Date of Award

Spring 1-8-2021

Degree Type

Dissertation

Degree Name

Doctor of Philosophy (PhD)

Department

Middle and Secondary Education

First Advisor

Gertrude Tinker Sachs, Ph.D.

Second Advisor

Ouyang Huahua, Ph.D.

Third Advisor

Susan Ogletree, Ph.D.

Fourth Advisor

Joseph Feinberg, Ph.D.

Abstract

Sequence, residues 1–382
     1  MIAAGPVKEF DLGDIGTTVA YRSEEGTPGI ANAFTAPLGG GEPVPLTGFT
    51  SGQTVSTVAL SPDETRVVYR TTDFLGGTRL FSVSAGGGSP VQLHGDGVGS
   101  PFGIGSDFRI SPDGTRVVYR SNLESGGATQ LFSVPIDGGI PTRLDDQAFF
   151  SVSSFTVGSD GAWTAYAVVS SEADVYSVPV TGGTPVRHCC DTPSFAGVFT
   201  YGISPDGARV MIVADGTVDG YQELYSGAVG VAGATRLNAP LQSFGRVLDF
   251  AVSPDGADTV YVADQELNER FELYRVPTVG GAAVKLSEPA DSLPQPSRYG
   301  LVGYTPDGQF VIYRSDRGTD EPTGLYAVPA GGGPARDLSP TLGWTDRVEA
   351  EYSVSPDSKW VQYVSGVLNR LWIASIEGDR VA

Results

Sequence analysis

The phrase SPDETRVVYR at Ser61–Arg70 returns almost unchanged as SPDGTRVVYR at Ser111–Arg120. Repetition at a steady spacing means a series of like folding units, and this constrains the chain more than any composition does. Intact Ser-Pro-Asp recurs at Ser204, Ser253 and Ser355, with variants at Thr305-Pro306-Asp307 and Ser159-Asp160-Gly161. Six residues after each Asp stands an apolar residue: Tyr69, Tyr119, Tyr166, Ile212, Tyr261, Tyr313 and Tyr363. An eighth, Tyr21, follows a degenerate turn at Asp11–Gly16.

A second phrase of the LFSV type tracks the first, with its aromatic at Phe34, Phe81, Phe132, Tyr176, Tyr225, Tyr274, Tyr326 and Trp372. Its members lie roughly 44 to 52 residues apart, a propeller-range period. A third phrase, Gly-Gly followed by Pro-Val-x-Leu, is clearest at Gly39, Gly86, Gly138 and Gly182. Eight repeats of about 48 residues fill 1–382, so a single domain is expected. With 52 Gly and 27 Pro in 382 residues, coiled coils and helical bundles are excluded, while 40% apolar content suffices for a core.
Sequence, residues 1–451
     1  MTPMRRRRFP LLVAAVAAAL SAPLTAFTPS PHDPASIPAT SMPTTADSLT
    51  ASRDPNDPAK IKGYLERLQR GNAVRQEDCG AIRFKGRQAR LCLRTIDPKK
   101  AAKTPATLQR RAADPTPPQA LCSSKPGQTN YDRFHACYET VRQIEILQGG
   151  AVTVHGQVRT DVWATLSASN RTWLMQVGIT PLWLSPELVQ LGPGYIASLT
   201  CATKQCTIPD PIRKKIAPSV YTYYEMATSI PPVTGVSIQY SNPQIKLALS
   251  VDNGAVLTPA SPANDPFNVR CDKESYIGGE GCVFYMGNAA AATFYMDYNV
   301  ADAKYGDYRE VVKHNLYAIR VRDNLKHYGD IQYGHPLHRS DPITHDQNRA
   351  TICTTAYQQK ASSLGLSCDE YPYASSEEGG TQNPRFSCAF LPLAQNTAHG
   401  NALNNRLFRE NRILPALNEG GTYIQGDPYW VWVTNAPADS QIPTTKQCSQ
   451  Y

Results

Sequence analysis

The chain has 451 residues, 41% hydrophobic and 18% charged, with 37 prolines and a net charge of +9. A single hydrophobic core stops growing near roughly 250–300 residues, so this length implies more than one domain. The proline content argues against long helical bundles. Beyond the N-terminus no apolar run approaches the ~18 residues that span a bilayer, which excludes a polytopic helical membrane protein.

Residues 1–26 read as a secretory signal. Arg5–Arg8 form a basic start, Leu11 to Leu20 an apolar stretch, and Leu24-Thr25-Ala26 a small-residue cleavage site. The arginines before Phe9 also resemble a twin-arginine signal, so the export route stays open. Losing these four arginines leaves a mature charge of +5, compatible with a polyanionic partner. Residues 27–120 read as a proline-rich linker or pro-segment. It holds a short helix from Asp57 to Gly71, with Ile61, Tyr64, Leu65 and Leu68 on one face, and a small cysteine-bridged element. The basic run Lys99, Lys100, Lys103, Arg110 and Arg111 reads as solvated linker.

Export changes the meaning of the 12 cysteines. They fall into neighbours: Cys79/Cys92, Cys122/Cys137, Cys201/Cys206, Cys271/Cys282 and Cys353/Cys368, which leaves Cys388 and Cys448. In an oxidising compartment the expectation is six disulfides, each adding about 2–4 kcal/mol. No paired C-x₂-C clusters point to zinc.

In the late 19th century, China’s education policies and curricula began to change in response to global economic issues. The addition of English language courses opened opportunities for expatriate teachers in China. Expatriate teachers are widely perceived as linguistic experts regardless of their qualifications and experiences. However, differences between the expatriate teachers' cultures of learning and the local cultures of learning call attention to the challenges of cross-cultural education in local school settings. This narrative inquiry (Clandinin, 2012) explored the expatriate teachers’ approaches to cross-cultural teaching, connections to local culture, and observations on school-based practices as they navigated their new environments in China. A conceptual framework based on Vygotsky's genetic domains was used to analyze the expatriates' experiences. Data included discussions with expatriate teachers about their educational backgrounds, their previous cross-cultural teaching experiences, and their reflections on navigating the tensions of teaching in China. Excerpts from the researcher's journals describing the tensions she encountered teaching in a local secondary school and adapting to a new cultural environment were used as triggers for the discussions. The findings indicated that connections to local culture, teacher education, and cross-cultural experiences contributed to the teachers’ approaches to teaching. Additionally, knowledge of the students’ L1 and previous experiences teaching English as a foreign language facilitated their ability to adapt to their new environments. This study contributes to understanding the complexity of teaching English as a foreign language when the teacher and students have different cultural backgrounds. Awareness of the need to nurture intercultural competence can inform the curricula and practices of teacher education programs as well as the development of professional learning programs and school learning policies. Furthermore, the teachers’ contributions can be useful to school administrators in developing teacher recruitment strategies, hiring practices, and new-teacher orientation programs.

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